Thursday, December 28, 2017

Imagining a meeting between Pugh and Macron

Catherine Pugh and Emmanuel Macron never met. And if they would, they may be intrigued about the similarity of some of their views and problems.  The French President would have to use his pretty good English to mask the Mayor's lack of French.
Macron in Clichy sur Bois

Macron lives in the Palais de l'Elysee, for which construction began before Baltimore was even founded. But Pugh's City Hall isn't shabby either, splendid from the outside and in some places inside, even though the Mayor's office on the second floor suffers from a mezzanine that has been jammed in to create more space. Paris is the tourist capital of the world, but Baltimore is "the greatest city in America" as everyone knows, who can read and has seen Baltimore's bus stops.

An imaginary discussion about how to deal with poor neighborhoods would be instructive, if for nothing more than to illustrate that Baltimore is not unique in having unrest, police brutality and large numbers of young people of color who feel left out, disenfranchised and once in a while take things in their own hand.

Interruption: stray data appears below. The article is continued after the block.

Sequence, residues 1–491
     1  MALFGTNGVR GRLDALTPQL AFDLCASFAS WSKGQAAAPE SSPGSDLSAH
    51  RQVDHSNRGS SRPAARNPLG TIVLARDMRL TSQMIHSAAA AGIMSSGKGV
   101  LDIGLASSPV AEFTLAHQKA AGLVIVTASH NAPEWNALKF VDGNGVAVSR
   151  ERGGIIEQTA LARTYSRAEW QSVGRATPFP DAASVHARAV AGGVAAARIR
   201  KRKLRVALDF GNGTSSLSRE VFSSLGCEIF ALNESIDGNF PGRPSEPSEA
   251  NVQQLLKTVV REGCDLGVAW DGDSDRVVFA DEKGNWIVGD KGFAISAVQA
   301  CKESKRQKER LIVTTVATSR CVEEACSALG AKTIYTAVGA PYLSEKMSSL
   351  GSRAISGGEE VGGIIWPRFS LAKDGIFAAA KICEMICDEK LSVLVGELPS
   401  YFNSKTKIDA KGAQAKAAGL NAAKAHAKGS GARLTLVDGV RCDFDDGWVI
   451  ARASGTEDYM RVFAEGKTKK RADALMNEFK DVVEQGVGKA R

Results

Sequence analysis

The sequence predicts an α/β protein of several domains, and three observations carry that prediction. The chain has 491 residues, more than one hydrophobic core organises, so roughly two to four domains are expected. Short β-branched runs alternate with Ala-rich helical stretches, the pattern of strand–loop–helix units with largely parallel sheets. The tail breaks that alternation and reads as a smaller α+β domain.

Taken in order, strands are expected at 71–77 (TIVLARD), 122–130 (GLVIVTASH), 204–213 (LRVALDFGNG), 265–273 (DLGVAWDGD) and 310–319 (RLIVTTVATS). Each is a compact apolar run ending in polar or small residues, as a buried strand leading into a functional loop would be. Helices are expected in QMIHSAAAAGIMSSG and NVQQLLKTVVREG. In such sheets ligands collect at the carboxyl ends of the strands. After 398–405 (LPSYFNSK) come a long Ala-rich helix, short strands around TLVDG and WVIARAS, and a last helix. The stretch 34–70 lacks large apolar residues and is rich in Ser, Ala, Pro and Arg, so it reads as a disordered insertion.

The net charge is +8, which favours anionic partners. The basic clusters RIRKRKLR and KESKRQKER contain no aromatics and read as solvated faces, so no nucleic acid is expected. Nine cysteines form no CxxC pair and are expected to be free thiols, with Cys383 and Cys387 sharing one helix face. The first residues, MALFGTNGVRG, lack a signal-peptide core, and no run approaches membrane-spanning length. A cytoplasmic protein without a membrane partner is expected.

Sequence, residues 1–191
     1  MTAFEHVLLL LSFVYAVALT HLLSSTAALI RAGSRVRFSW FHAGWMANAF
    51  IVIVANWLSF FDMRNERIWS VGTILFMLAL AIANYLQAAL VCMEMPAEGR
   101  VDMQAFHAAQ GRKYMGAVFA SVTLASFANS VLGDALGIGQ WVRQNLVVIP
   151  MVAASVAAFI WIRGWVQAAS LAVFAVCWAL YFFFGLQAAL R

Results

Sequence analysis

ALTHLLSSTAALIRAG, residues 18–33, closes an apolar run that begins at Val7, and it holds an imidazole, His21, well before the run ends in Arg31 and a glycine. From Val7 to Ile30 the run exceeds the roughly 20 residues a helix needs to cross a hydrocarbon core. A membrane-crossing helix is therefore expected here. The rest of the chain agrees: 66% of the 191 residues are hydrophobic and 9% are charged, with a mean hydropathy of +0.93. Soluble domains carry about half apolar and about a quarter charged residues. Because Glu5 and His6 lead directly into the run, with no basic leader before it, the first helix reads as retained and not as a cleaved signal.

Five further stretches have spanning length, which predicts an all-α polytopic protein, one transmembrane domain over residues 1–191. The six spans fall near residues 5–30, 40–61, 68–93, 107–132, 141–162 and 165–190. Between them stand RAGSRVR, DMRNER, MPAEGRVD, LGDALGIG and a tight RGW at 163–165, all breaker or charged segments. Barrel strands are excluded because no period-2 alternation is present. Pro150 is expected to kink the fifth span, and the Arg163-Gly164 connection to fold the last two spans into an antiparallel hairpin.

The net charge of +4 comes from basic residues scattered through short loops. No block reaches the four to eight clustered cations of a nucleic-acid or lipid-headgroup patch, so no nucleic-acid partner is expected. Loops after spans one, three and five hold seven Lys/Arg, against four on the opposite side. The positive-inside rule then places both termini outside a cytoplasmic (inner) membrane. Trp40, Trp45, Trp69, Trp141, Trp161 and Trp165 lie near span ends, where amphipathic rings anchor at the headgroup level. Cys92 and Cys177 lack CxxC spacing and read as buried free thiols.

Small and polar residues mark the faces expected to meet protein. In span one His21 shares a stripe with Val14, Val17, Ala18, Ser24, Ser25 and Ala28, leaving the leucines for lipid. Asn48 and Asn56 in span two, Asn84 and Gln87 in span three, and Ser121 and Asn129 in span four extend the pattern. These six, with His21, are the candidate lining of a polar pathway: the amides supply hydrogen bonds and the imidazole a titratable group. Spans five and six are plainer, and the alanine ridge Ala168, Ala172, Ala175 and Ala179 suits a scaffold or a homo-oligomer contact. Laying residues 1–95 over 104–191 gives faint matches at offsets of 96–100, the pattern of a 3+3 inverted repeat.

Macron has made big waves in Europe thanks to his youth and an unconventional approach that can't be pegged in the traditional left right categories. Pugh is hard to peg in traditional political categories as well. During the unrest she was in the streets hugging the revolting youth but she also voted against the $15 minimum wage, and on friendly terms with a Governor who doesn't understand Baltimore, maybe hoping for the upper hand through flattery, just as Macron does with Trump.
Pugh meeting homeless (Baltimore SUN)

Both leaders preside over a seeming intractable problem: Violent, crime ridden and neglected minority neighborhoods. The difference: In France these poor communities are located in far flung suburbs outside the core cities  in the so-called banlieue making them even more invisible than America's "inner city neighborhoods" which typically are the forgotten communities here.

Macron recently conceded that the French State has contributed to the radicalization of some youths in the French Banlieue.
"In these neighborhoods we have closed schools, cut aid for the oldest and youngest, and other groups have arrived touting solutions for all of that. Radicalization took root because the state checked out." (President Macron)